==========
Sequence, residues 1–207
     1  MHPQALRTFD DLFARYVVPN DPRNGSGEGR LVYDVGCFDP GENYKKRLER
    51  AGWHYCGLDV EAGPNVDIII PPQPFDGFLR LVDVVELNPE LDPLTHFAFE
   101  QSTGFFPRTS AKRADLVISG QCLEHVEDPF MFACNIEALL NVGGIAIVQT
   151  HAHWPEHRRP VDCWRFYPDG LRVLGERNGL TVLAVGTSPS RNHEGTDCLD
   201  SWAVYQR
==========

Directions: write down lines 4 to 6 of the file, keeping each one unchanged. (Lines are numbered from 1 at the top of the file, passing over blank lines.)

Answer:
   101  QSTGFFPRTS AKRADLVISG QCLEHVEDPF MFACNIEALL NVGGIAIVQT
   151  HAHWPEHRRP VDCWRFYPDG LRVLGERNGL TVLAVGTSPS RNHEGTDCLD
   201  SWAVYQR